3. The improvement of claim 2 including power means for retracting the clamps against the action of the spring load to permit a wheelchair to be placed in operable position adjacent said frame and the power means being releasable for clamping such a wheelchair to the second frame portion.
4. The improvement of claim 2 and means for adjustably mounting the clamps for clamping on horizontal frame members of a wheelchair on the second frame portion, the clamps for clamping on horizontal frame members being vertically spaced from other clamps used for clamping onto vertical frame portions of a wheelchair to be tilted.
5. The improvement of claim 1 wherein said means operable for permitting tilting comprises power means acting between said first frame portion and said second frame portion.
6. The improvement of claim 5 wherein power means comprises a linear actuator having an extendable and retractable rod for power operation, and an arm coupled to said second frame portion and acted upon by the extendable and retractable rod at a position spaced from the pivot between the first and second frame portions.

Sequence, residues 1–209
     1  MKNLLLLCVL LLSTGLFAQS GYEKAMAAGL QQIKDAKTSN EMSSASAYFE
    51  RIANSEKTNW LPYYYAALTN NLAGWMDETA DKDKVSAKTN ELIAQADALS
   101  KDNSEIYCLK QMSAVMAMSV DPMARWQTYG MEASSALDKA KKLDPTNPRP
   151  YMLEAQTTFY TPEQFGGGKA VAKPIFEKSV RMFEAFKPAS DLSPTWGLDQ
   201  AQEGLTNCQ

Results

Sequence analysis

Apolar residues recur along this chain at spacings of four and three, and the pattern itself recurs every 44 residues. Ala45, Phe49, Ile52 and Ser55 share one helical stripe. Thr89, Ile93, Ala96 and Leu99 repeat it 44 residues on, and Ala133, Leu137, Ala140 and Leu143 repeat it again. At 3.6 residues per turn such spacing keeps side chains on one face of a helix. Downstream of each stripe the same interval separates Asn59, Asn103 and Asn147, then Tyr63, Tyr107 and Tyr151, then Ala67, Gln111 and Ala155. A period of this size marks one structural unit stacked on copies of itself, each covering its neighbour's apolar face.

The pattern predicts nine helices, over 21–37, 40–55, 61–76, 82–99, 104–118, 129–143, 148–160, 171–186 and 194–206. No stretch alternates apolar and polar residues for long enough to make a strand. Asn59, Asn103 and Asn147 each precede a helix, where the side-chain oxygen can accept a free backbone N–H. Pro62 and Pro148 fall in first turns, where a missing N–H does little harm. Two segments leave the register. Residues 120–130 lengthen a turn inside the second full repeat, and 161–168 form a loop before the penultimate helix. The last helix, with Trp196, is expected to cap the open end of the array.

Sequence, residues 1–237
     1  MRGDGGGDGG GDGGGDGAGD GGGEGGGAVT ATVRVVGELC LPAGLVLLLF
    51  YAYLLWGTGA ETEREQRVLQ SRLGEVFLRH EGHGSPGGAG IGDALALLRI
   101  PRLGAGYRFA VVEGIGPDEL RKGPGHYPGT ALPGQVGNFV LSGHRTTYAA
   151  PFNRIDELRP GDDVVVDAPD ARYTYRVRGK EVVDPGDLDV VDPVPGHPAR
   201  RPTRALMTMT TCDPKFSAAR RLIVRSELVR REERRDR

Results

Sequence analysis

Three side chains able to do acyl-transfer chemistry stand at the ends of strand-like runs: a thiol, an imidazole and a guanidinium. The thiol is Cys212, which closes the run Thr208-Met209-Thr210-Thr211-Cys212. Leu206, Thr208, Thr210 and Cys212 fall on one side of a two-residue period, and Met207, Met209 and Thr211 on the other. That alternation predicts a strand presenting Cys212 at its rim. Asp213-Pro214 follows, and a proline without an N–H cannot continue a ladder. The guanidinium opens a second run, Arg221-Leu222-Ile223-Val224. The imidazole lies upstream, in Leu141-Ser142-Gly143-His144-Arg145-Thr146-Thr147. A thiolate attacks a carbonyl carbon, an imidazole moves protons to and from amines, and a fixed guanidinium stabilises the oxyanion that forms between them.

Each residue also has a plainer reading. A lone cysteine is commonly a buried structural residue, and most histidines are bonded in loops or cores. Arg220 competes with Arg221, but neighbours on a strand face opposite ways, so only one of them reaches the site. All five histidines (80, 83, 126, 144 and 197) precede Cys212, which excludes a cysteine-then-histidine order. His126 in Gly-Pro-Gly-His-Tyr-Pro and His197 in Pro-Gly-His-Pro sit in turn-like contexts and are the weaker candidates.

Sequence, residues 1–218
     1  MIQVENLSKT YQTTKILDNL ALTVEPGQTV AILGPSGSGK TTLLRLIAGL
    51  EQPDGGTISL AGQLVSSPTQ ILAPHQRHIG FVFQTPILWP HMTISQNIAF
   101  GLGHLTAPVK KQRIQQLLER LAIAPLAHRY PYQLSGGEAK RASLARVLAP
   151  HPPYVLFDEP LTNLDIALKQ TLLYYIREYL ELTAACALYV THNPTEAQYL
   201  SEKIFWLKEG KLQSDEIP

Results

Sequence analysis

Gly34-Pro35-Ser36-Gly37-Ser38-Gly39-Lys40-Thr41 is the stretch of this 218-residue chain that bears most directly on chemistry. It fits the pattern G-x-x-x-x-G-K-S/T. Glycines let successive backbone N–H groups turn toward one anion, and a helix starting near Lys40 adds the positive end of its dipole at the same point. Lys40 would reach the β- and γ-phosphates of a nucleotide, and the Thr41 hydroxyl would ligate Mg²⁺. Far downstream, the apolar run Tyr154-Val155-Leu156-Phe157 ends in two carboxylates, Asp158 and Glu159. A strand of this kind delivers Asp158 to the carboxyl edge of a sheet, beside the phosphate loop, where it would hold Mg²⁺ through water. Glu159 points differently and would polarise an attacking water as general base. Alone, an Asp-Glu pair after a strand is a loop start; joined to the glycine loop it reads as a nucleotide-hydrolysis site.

7. A stand for reclining a chair support on which a person is seated, said chair support having frame means for supporting a person, said stand comprising:
a frame assembly including first and second frame portions;
said first frame portion having means for supporting it relative to a supporting surface in position adjacent a chair support to be reclined;
the second frame portion pivotally mounted to the first frame portion for pivoting about a substantially horizontal axis, and being positioned adjacent the back of a chair support when the first frame portion is in its position adjacent such chair support;
means for receiving said chair support on said second frame portion;
said second frame portion being tiltable relative to the first frame portion while the chair support is received thereon to permit inclining the rear portions of said chair support rearwardly with respect to the supporting surface;
said first frame portion comprising a frame member that has a lateral width at the rear of the first frame portion substantially as wide as the chair support being lifted, and frame members tapering forwardly from the rear toward a center line of the first frame portion to provide a tricycle-type frame; and
a caster wheel supporting the forward end of the first frame adjacent a central longitudinally extending axis thereof.
8. The apparatus of claim 7 and power means for controlling the position of said second frame portion relative to said first frame portion.